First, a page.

Inevitably, the new year brings some sober (hungover?) reflections on how we could be better people. With a new year, comes new resolve. Before you get too carried away, though, let me tell you:
You definitely won't use that gym contract as much as you think you will.
One of the most popular targets of our quests for self-improvement is fitness. We want to be stronger; we want to be thinner. What better way to reach these goals than to join a nice, shiny 'health club' (it has a better ring to it than 'gym', admittedly) to get you going. Besides, you've always wanted to be one of those who walks into work with a cold Kauai smoothie.
Don't sign that contract (yet).
The problem is that we, as a species, are notoriously terrible at knowing ourselves and the future. We're bad at knowing what will make us happy (lotto winners and those involved in crippling car accidents show equal levels of happiness as little as a year after their respective mis/fortunes!) and we're bad at knowing what will truly motivate us (and what's really holding us back at the moment). "If only I belonged to a gym, I could get fit and lose weight!" - the problem with this sentiment is that it employs a neat trick we're all very good at: scapegoating. Here, the reason for us not doing something is pinned on a handy external factor--us not having access to the relevant tools. Take a quick mental look around your life, you should be able to find plenty of other examples. (Use the starter "if only.." and see what great sentences result).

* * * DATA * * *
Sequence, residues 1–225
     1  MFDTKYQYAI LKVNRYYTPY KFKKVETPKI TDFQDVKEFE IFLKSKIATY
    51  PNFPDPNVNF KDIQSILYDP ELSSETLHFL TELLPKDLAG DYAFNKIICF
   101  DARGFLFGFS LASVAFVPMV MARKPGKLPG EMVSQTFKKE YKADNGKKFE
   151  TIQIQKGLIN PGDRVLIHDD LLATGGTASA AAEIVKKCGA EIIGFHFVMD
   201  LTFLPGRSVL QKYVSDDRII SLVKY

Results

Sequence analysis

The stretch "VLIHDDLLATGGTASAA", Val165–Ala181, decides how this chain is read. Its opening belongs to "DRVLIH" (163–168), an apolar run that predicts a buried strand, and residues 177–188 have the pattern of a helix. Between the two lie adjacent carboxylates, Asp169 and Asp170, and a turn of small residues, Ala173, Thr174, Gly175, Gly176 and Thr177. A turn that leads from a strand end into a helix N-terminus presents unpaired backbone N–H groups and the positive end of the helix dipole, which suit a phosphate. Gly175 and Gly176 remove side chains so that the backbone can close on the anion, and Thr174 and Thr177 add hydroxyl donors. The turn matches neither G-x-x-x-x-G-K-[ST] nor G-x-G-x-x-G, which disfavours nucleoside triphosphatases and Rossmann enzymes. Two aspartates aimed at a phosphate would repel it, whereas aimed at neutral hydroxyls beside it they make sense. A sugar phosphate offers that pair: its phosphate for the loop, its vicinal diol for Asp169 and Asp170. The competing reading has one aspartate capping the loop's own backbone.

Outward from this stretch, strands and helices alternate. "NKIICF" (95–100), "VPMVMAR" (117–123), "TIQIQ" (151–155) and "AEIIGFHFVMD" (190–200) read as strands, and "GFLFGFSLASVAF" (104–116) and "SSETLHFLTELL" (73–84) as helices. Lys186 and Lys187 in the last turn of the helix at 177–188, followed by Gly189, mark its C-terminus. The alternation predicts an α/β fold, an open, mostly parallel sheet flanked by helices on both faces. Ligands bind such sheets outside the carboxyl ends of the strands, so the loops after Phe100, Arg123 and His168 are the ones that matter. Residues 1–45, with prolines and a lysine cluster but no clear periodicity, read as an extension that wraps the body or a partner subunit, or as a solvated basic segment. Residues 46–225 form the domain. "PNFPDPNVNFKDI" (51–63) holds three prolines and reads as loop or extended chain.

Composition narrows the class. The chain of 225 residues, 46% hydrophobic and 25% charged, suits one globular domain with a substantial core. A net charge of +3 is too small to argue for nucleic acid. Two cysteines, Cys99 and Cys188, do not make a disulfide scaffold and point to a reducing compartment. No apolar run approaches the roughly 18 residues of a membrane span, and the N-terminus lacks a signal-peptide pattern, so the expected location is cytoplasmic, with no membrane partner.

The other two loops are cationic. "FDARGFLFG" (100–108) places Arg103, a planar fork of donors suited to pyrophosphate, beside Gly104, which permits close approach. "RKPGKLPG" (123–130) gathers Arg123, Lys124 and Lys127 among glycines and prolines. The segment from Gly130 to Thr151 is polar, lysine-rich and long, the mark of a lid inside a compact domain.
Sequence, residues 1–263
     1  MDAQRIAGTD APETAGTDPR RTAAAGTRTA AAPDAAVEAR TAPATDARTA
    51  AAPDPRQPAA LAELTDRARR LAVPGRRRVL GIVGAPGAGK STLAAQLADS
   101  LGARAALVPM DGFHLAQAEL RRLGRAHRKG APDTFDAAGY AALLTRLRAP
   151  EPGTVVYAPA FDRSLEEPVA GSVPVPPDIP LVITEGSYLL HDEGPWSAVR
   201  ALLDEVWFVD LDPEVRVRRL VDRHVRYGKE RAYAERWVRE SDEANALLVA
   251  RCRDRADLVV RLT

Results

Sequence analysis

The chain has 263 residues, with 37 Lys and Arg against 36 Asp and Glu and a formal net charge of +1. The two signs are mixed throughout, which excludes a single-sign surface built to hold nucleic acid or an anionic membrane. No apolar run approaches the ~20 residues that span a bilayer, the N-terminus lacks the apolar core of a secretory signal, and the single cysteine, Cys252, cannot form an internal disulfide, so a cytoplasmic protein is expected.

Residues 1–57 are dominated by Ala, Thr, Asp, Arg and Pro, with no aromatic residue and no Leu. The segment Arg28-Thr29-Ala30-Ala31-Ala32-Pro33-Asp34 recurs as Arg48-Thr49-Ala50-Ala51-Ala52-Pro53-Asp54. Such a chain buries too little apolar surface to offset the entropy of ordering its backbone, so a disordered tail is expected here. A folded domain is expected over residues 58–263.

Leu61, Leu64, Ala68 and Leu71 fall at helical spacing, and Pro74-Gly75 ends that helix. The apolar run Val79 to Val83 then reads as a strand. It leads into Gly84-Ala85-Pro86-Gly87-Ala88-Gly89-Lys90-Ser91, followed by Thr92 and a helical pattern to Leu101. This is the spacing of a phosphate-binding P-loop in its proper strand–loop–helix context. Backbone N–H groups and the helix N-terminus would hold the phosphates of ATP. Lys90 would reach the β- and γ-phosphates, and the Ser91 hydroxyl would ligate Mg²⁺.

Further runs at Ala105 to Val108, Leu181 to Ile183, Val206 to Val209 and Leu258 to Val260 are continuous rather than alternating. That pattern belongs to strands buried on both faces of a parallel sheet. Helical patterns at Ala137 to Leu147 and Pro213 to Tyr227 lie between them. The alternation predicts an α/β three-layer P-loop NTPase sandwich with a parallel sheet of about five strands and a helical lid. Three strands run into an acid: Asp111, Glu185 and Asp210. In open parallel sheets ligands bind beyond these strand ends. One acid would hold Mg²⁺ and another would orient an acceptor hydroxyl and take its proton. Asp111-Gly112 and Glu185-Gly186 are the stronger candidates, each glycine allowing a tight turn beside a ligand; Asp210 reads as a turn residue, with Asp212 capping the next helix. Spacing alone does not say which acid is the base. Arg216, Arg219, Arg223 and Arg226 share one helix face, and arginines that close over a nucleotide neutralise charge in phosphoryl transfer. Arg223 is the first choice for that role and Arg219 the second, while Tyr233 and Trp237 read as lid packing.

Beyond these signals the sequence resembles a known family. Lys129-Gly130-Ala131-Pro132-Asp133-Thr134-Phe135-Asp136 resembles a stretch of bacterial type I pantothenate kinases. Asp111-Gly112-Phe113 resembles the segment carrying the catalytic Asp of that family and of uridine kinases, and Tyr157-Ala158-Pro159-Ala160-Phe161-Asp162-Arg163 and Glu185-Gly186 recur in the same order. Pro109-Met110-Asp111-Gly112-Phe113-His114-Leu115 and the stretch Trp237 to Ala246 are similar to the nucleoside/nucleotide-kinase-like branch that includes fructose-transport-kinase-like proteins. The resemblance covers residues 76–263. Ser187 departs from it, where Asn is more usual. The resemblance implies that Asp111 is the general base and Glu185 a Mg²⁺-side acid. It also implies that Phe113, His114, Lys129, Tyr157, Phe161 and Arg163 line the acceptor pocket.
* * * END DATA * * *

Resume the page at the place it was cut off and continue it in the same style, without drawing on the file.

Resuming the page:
Before you sign that gym contract...
The problem is: the reason often given in these sorts of sentences isn't what's really holding us back. Research shows that people, when asked before signing up for a gym, severely over-estimate the number of times that they eventually end up using the facility. Even with the supposed hindering factor gone, nothing changes. It's a bit of a cliché, but motivation does come from inside.
Here's what to do if you think joining a gym is a good idea. Firstly, decide on the time and days that you'd be training, whether it be before or after work, or even during a lunch break. Now, at those precise times (before you have a gym membership), go work out.
Admittedly, for many people, the desire to join a gym arises precisely because it is impractical to exercise without one--few of us have access to a safe, suburban area for a jog in the morning, for example. However, it's nearly always possible to do some form of exercise in or around your home or work. You could do calisthenics (push-ups, sit-ups, etc.), or jog on the spot. It might even be worthwhile to invest in some budget equipment (skipping rope, pull-up bar) that can be useful even after joining a gym. What matters most here is that you do a considerable amount of exercise (break a sweat!) during your designated 'gym time'.
Now, keep this up for at least three weeks. Lapses and bad days always occur, but try stay on track and be on the lookout for common excuses (lack of time or energy). If and only if you manage to maintain this schedule, should you consider getting that membership--because the excuses and missed days that occur during this trial period will certainly occur during your paid-for months at the gym. After this trial, you may even discover that you're able to work out adequately without the membership! Whatever the outcome, remember that the bigger part of your resolution should be: know thyself.
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